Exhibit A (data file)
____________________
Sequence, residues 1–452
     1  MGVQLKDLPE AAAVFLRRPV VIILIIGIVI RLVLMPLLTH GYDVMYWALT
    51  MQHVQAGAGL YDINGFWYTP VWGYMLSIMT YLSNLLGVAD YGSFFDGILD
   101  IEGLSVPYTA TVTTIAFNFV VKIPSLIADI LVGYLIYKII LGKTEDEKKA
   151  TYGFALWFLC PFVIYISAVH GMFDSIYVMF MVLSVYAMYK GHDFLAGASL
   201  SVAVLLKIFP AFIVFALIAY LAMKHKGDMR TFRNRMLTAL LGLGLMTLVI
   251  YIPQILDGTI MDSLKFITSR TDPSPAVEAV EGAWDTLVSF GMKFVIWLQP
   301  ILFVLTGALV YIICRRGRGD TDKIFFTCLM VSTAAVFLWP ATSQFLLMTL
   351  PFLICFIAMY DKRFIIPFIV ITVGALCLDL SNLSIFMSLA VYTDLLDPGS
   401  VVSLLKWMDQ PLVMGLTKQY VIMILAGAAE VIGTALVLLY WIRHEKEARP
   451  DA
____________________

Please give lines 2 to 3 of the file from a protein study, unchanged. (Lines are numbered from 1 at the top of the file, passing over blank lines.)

     1  MGVQLKDLPE AAAVFLRRPV VIILIIGIVI RLVLMPLLTH GYDVMYWALT
    51  MQHVQAGAGL YDINGFWYTP VWGYMLSIMT YLSNLLGVAD YGSFFDGILD